Landscape Lighting Basics

mkgrady

Senior Member
Location
Massachusetts
I've been hired to install some landscape lighting at a couple of homes. I have never done this and wondered what the basics might be. Looking for ideas and or typical mistakes made by others. Both customers just want to shine light up onto trees and maybe the front of the house.

I plan to install a 120-12 volt transformer outside plugged into a GFI on a wall switch inside the house. Maybe I will use a astro timer to turn it on/off every night. Or am I better off plugging into a GFI and using a time clock at the transformer?

Voltage drop is not an issue as there are only a few fixtures (4, 5 maybe 6) and the distances are pretty short say at about 50 foot max from the transformer.

Any recommendations for wire size, fixture brands (are the big box fixtures something to avoid?). How deep does the LV wire need to be buried? What is a good splicing method where the fixture connects to the LV cable? Are flower pot handholes the way to go?

Thanks in advance for any responses.
 

Rewire

Senior Member
are you working with a landscaper or alone? Stay away from the box store junk. Draw out your lighting plan then meet with the owner at dusk with some portable lights of flashlights to simulate what you will be doing.The dewalt portable flashlight works great as it is easy to adjust.
 

buzzbar

Senior Member
Location
Tacoma, WA
Occupation
Electrical Contractor
I would use LED fixtures. They're getting much more affordable, and bulb replacements won't be necessary.

Also, anchoring the lights is important. The cheapie 'Malibu' lights always eventually fall over.
 
I would use LED fixtures. They're getting much more affordable, and bulb replacements won't be necessary.

Also, anchoring the lights is important. The cheapie 'Malibu' lights always eventually fall over.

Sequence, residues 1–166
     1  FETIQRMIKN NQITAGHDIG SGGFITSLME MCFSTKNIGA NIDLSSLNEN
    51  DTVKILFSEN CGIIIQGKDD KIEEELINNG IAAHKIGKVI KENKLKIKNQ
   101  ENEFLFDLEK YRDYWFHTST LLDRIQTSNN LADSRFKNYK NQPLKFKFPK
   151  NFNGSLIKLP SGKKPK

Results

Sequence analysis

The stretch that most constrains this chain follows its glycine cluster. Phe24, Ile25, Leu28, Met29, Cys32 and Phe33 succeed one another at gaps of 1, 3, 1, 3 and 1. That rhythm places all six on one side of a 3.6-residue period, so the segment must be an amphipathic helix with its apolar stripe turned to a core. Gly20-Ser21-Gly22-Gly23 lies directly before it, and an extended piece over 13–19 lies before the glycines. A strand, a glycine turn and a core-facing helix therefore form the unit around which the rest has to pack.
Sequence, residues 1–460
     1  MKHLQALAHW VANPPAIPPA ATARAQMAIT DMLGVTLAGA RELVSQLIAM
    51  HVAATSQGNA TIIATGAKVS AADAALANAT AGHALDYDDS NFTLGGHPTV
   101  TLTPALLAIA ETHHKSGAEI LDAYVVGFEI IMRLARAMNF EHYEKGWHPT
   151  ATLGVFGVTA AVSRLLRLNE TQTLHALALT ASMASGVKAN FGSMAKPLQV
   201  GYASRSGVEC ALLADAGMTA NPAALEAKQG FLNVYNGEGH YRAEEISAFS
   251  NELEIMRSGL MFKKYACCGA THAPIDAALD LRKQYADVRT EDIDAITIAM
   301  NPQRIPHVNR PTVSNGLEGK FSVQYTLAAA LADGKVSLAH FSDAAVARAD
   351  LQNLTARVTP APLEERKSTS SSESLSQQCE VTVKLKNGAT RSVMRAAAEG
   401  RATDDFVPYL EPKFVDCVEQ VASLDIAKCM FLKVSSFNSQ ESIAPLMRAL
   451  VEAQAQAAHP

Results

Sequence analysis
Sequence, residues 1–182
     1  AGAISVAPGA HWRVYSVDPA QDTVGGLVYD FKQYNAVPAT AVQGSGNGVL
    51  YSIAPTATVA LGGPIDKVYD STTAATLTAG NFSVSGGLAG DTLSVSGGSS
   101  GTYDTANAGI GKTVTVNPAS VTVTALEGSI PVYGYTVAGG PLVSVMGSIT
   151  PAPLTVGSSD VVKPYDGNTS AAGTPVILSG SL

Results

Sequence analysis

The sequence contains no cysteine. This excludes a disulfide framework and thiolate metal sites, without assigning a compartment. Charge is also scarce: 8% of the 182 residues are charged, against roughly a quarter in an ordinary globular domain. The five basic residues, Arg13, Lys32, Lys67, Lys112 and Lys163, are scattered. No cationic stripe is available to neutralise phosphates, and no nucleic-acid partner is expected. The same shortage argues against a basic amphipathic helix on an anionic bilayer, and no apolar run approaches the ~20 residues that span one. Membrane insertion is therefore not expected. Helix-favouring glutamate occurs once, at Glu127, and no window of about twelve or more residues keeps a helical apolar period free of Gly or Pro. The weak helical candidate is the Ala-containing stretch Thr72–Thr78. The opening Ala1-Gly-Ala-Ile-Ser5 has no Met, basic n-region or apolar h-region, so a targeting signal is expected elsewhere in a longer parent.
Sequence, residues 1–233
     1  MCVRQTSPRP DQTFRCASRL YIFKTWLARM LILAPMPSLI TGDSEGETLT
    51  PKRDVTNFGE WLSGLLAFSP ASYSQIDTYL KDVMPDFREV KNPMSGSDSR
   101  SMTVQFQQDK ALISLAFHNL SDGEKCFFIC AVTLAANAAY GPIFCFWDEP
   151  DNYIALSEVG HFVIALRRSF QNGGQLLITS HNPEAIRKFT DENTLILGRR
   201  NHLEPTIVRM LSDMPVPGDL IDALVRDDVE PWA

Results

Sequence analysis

I have heard that LED's are not suitable as "up" lights, as they create little heat and won't melt off snow....OP is in Mass....lots of snow. Again, this is only what I've heard, not sure about facts.
 

mkgrady

Senior Member
Location
Massachusetts
are you working with a landscaper or alone? Stay away from the box store junk. Draw out your lighting plan then meet with the owner at dusk with some portable lights of flashlights to simulate what you will be doing.The dewalt portable flashlight works great as it is easy to adjust.
Working alone. what does that mean....Dewalt portable flashlights are easy to adjust?

What is a good brand of fixtures and transformers at a reasonable cost?
 

buzzbar

Senior Member
Location
Tacoma, WA
Occupation
Electrical Contractor
I have heard that LED's are not suitable as "up" lights, as they create little heat and won't melt off snow....OP is in Mass....lots of snow. Again, this is only what I've heard, not sure about facts.
Don't know about keeping snow melted, but LED lights do generate heat. But Massachusetts gets much more snow than Washington state!
 

mark32

Senior Member
Location
Currently in NJ
I too like Hadco, for fixtures and transformers. Kichler is another great company but they are pricey. Whichever brand you go with, as others have and will say, stay away from HD and Lowes for LV landscape fixtures.
 

edward

Senior Member
It all depends how much their budget is.

I always get good multitap 12-22 volt transformers (vista lighting), i always install multiple 8-2 for my main feeds then branch out with #12 to the fixtures.

You can get aluminum fixtures, coated with brass or solid brass fixture. Solid brass expensive but will last a very long time.

http://www.uniquelighting.com/
 

iwire

Moderator
Staff member
Location
Massachusetts
Voltage drop is not an issue as there are only a few fixtures (4, 5 maybe 6) and the distances are pretty short say at about 50 foot max from the transformer.

Any recommendations for wire size,
Voltage drop is an issue.

You have to do the calculations for voltage drop based on the wattage of each fixture.


Keep in mind that just five 20 watt lamps at 12 volts is about 10 amps of current.
 

Riograndeelectric

Senior Member
another member here recommended Vista pro lighting.
I used it to replace the previous fixtures installed 8 years ago.
I was very impressed the quality of the lights.
I ordered the LED . I installed the lights in summer of 2011.
no complaints or go backs.
 

Dolfan

Senior Member
Low voltage is only good for a certain height or lighting pathways. To shine up a tree, use a RAB bullet fixture on a mighty post (green or black). Use a CFL daylight bulb to give it a white effect. For real tall trees, add a couple of 150 Metal Halides so that you can see the house from a block away. :eek:Have the homeowner hire there gardner to trench the yard up, so that you can get the PVC deep in the ground. Put it all on a digital time clock and your set.
 
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